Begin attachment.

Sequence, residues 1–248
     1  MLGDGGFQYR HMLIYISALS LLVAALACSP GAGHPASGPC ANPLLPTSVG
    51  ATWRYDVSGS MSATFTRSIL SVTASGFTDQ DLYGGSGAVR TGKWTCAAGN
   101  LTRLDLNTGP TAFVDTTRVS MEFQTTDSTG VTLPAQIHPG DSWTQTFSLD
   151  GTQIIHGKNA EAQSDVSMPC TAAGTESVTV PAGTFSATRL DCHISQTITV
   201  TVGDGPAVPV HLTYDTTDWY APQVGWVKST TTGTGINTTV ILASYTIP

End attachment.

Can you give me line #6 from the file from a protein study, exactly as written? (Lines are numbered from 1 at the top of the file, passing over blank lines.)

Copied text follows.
   201  TVGDGPAVPV HLTYDTTDWY APQVGWVKST TTGTGINTTV ILASYTIP